After my husband, Hugh, was struck by a car while riding his bike home from a workout, doctors rushed him to the nearest trauma center and operated on his brain. The next day, because he responded to family voices, my daughters and I believed he was on the road to recovery.
Less than 48 hours later, Hugh was rushed back into emergency surgery when he developed a right subdural hematoma. This time, doctors performed a craniectomy; they removed a portion of Hugh’s skull to relieve brain swelling. This operation reduces damage to healthy areas of the brain by allowing the brain to swell without being squeezed; it can prevent death and improve outcomes. That piece of bone — about the size of half a grapefruit — was put in the hospital freezer. I was told it would not be replaced for at least three months, the time it would take for Hugh’s brain swelling to recede.
These three months were the longest three months of my life. In the acute brain rehab center, I was told that Hugh should wear a helmet on his head every time he stood up so he would not reinjure his brain. To compound my worries, Hugh felt dizzy, he was wobbly and often tripped when he walked, and he was cognitively impaired. As I waited for him to be “put back together,” I felt as if our life was on hold.
After three months, Hugh’s bone was replaced without incident; and within two weeks, he regained the use of his left side, his dizziness abated, and his balance stabilized. Somehow, having that piece of bone back in his head restored his equilibrium.
I recently talked to a man who went through a similar experience, but he had complications. Bob Gray was a Chief with the Arlington County Fire Department when the 9-11 attacks occurred. He’s known for leading his department’s Technical Rescue Team in its search for survivors at the Pentagon. After 30 years in the department, Bob retired in January 2011. Two months later, he had a freak accident. He sustained a TBI at home when he fell from a ladder.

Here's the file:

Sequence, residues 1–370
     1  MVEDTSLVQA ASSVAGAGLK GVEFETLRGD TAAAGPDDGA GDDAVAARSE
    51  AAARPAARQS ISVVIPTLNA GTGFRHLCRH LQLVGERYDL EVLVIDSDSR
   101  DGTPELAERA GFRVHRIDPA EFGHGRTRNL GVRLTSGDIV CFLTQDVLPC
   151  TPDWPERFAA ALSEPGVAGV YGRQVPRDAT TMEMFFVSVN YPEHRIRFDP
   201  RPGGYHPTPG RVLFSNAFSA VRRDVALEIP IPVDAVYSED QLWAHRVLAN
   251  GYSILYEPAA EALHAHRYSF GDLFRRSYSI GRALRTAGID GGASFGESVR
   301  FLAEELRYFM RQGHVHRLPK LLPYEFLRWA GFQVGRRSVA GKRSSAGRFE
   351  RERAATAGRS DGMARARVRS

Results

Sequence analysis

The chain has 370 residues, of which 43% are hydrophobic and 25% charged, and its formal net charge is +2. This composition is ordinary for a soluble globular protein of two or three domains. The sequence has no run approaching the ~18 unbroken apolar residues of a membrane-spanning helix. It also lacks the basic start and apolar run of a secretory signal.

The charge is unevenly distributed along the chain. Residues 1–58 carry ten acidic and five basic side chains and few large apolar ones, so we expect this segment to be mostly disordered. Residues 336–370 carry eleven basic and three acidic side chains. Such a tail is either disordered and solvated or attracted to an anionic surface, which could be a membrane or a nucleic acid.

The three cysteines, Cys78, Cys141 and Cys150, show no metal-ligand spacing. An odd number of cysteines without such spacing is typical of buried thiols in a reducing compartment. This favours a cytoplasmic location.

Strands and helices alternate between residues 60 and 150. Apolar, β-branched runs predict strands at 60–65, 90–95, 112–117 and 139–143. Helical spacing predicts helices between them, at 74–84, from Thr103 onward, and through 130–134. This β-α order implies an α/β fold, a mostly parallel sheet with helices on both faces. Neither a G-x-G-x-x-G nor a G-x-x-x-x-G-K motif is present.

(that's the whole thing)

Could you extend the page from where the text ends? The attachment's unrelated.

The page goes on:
During surgery, Bob also had a craniectomy, only his surgical site became infected several times. He had to have repeated operations to clean the area. Over the next two and a half years, he spent a lot of time on antibiotics. During his final bone flap surgery, Bob was in the hospital for more than a week. Doctors discovered that the infection had affected both his scalp and part of his skull. When they tested the bone, they found MRSA, a drug-resistant infection, in the bone piece, which could have been deadly. Now Bob lives with a prosthetic bone completing his skull.
Now that the surgery is over and he has finished his last dose of antibiotics, Bob is hoping he will continue to heal with no further setbacks. “This whole process has felt like one step forward and ten steps back,” he says.
Bob’s wife Lesli tells the same version of Bob’s story, but she includes many references to her own personal stress. Like me, she was told Bob should wear a helmet, and, like Hugh, Bob did not like wearing the helmet. The more mobile Bob became, the more worried Lesli grew. With each new surgery, Lesli felt like this would never end. She said, “We were all okay with the idea of a new normal, but it started to feel like even that was not a realistic goal.” Hopefully, Bob’s prosthetic bone has resolved the problems related to his infections.
Today, Bob is back to dedicating his time to Project Rebirth, an organization dedicated to facilitating healing, fostering hope, and building resilience among first responders, veterans, and other community leaders. He’s glad to be back to his active lifestyle. Lesli says that she’s okay with how he’s doing, but she feels anxious when he is doing anything (like cycling) where he might fall. “I am hoping that more time will reduce the Nervous Nellie in me!” she says.
There are two similarities worth noting in our stories: both Hugh and Bob felt more incapacitated when part of their skull was taken out (dizzy, out of balance); and both Lesli and I experienced a lasting sense of anxiousness. My anxiousness has lessened with the passage of time, and I hope hers will, too.
I’m also hoping that through our stories others may feel more prepared if a loved one should have to undergo this procedure and may not be alarmed if they experience similar setbacks until the bone is replaced. I’m grateful that Hugh had a craniectomy. It’s a life-saving procedure for sure.